In both Brick Lane (TIFF ’07) and her star-studded Suffragette, Sarah Gavron showed an unerring talent for working bracing feminist ideas into classic movie narratives. With Rocks, Gavron has reinvented herself. Stripped down, urgent, and bristling with energy, her latest tells the story of a teenage girl who sees her foundation yanked out from under her, and must find help — and a new family — from her equally precarious friends.
Shola (Bukky Bakray), or Rocks, as she’s known, lives in a London council flat with her younger brother Emmanuel and their single mother. Mum is busy and stressed, leaving Rocks to spend all her free time with school friends. One day, she comes home to find her life radically altered: she is suddenly on her own with a child to take care of. Gavron could easily have steered Rocks into miserabilism, but delivers instead a surprising portrait of resilience. Rocks is mercurial, impulsive, and deeply sensitive — not unusual for her age, she sometimes makes desperately poor decisions, for what look to her like good reasons. When her closest friend Sumaya (Kosar Ali) tries to help, Rocks doesn’t know how to accept it, blinded by Sumaya’s two-parent household and relative comfort.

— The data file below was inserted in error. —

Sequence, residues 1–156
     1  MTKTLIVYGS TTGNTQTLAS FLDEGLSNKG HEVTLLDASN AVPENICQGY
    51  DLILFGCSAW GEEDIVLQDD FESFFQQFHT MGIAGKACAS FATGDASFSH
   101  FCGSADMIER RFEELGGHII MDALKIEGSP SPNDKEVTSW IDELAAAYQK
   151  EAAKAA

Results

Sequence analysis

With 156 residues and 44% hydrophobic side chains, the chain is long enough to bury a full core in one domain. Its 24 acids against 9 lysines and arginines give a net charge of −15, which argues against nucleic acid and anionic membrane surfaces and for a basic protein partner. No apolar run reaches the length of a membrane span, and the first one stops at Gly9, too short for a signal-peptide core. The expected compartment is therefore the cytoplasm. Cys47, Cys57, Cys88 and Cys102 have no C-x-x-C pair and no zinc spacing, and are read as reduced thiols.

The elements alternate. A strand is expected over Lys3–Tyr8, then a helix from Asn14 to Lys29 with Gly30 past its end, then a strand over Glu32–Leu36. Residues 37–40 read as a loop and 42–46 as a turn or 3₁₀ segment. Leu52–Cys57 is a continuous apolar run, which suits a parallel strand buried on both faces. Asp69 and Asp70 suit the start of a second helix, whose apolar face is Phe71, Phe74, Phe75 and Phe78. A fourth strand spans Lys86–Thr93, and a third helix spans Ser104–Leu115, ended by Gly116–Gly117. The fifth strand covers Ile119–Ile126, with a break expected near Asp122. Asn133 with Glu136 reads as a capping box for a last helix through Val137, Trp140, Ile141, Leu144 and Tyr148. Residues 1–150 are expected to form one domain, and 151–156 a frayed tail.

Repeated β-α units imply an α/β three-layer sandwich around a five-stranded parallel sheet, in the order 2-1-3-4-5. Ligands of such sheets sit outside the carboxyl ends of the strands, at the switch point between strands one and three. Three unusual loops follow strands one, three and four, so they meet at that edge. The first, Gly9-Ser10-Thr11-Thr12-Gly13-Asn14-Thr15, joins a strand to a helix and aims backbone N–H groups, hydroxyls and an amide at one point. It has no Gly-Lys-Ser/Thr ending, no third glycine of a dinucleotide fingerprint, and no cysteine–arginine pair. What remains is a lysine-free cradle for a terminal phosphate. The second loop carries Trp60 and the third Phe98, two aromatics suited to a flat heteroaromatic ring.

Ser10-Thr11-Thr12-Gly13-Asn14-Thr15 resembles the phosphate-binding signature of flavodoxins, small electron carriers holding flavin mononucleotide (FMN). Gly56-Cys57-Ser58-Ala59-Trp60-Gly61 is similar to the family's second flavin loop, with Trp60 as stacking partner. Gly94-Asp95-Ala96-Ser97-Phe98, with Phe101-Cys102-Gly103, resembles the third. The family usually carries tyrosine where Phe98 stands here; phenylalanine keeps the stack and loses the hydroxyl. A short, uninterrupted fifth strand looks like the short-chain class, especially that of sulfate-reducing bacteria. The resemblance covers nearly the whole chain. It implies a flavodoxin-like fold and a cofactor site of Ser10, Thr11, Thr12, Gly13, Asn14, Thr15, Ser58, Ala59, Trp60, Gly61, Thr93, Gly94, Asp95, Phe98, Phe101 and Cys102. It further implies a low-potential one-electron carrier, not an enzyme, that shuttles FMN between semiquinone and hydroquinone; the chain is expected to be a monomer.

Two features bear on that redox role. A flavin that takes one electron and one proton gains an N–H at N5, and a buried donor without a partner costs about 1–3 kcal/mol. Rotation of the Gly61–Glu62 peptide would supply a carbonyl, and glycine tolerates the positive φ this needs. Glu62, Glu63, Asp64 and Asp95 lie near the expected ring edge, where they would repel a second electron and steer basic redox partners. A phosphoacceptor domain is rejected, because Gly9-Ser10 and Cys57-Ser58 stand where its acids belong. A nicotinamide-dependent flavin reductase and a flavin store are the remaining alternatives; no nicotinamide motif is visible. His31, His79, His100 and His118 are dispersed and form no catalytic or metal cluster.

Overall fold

Using agile editing, and welcome doses of humour, Gavron stays close to her protagonist at every moment. With not a shred of false sentiment, she crafts a beautiful, empathetic portrait of a girl at a turning point, and exalts the essential value of friends.
“With exuberant naturalism from its non-professional actors … [Rocks] covers the highs and lows of female adolescence with compelling sensitivity.” –Kate Taylor, The Globe and Mail
Content advisory: coarse language